These notes were to be converted into British legal tender upon application to the Reserve Bank and remained so until the notice of suspension of the Sterling Exchange of 1938, which repealed the provisions of an amendment to the Reserve Bank of New Zealand Act 1936. On 8 November 2016, Prime Minister Narendra Modi announced that the existing INR 500 and INR 1000 notes would no longer be accepted as legal tender in order to combat counterfeiting, tax evasion and the shadow economy.  The Reserve Bank of India has described a system whereby holders of such notes can either deposit them into their bank accounts for the full and unlimited value or exchange the notes for new ones, subject to a cap.  On the other hand, gold or silver coins are not necessarily legal tender if they are not fiat money in the jurisdiction where they are offered in payment. The Coinage Act of 1965 states (in part): Demonetization is currently prohibited in the United States, and the Coinage Act of 1965 applies to all U.S. coins and currencies, regardless of age. The closest historical equivalent in the United States, outside of Confederate silver, was from 1933 to 1974, when the government banned most private property of gold bullion, including gold coins held for non-numismatic purposes. Now, however, surviving gold coins from before 1933 are legal tender under the 1964 law. Although the Reserve Bank Act 1959 and the Currency Act 1965 stipulate that Australian notes and coins are legal tender, Australian notes and coins do not necessarily have to be used in transactions, and refusing to accept payments as legal tender is not illegal. It appears that a service provider is free to determine the commercial conditions under which payment is made before the conclusion of the „contract“ of the supply or service. If a supplier of goods or services specifies other means of payment before the contract is concluded, there is generally no obligation to accept legal tender as payment. This is the case even if it is an existing debt.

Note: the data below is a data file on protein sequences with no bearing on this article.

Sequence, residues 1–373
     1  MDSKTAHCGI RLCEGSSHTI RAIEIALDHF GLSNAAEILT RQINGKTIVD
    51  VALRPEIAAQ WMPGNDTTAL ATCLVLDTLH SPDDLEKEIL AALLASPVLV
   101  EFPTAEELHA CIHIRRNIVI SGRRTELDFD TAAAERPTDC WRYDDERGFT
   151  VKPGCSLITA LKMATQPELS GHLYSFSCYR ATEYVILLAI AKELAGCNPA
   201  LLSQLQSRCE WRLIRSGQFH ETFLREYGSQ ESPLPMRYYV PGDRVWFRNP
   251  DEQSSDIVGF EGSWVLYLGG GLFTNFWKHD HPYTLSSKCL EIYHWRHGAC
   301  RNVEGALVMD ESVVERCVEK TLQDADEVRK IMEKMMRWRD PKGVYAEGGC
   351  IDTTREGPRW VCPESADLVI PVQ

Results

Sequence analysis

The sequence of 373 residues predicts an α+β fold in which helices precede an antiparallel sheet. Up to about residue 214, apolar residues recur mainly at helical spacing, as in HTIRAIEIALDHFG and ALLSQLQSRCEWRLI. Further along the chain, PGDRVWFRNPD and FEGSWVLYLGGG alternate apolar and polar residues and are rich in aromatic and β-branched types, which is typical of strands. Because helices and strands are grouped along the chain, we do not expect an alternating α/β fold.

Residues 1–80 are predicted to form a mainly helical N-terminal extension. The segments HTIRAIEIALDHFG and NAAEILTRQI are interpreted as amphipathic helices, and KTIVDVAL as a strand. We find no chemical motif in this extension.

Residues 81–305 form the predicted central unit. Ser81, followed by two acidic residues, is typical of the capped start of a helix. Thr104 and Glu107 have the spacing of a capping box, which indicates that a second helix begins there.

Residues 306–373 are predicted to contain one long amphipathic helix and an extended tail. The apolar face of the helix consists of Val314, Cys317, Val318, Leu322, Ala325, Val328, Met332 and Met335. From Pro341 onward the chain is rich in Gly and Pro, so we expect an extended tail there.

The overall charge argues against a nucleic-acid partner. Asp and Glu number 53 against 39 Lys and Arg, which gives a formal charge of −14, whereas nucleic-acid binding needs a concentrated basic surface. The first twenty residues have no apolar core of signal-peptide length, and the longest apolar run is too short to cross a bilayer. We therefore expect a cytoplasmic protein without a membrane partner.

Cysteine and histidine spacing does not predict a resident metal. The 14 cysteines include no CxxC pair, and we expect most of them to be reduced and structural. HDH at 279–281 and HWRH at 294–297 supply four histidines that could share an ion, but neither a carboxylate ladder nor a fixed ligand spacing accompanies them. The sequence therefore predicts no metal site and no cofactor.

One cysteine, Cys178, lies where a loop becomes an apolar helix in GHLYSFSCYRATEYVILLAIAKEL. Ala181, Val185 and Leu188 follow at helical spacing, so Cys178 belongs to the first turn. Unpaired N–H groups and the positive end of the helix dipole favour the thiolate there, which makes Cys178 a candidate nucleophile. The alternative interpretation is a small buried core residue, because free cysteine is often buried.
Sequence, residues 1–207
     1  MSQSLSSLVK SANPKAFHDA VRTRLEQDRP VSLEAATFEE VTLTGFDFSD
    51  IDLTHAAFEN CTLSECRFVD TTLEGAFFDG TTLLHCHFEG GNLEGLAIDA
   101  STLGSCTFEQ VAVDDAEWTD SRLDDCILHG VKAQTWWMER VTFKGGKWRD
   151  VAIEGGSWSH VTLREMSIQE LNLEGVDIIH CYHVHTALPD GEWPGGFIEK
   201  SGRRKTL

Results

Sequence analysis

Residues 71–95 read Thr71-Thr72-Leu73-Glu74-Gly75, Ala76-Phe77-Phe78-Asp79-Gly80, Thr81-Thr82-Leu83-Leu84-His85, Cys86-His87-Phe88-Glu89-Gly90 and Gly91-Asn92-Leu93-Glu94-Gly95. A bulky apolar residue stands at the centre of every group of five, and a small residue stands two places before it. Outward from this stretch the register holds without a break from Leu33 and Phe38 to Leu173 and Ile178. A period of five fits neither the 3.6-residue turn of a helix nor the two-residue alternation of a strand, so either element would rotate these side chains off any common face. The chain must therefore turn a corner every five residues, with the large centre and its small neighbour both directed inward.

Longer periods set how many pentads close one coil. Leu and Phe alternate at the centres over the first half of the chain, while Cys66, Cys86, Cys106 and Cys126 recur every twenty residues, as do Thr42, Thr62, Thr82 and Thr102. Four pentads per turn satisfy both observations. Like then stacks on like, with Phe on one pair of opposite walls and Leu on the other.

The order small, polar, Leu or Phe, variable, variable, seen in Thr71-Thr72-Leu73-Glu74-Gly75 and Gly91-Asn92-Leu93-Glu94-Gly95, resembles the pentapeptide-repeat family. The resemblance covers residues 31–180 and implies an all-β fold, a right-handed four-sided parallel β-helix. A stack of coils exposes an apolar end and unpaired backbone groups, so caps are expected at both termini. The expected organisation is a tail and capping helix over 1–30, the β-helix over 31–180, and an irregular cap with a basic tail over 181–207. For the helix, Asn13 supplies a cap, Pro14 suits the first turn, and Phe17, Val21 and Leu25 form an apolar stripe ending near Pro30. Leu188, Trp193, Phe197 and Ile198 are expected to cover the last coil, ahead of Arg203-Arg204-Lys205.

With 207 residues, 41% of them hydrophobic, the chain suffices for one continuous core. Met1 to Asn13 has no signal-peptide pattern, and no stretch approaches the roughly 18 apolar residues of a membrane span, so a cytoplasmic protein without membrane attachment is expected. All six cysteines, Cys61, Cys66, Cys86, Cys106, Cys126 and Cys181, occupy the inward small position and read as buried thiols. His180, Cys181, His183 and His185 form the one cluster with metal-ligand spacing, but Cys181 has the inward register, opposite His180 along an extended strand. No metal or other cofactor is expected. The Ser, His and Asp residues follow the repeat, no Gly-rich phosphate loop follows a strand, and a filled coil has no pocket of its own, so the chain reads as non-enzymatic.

However, refusing to accept legal tender to settle an existing debt if no other means of payment/settlement has been determined in advance could have consequences in legal proceedings.   However, there are some exceptions. In 2018, in the face of devastating hyperinflation, Venezuelan President Nicolas Madura ordered all federal institutions to accept a new electronic currency, the Petro, as legal tender. The Venezuelan Petro is centrally controlled by the Venezuelan government based on its own assessment of the value of its natural resources. It has been claimed that the Petro is backed by Venezuela`s natural gas, mineral and oil reserves. However, Venezuela`s experience with the Petro has not progressed much, and the Petro, despite its status as legal tender, does not generally circulate in the form of currency. Banknotes and coins can no longer be legal tender if they are replaced by new banknotes of the same currency or if a new currency is introduced to replace the previous currency.  Examples: U.S. coins and currencies (including Federal Reserve notes and circulation notes from Federal Reserve banks and national banks) are legal tender for all debts, public duties, taxes, and duties. Foreign gold or silver coins are not legal tender for debts. Legal tender is the national currency of a nation.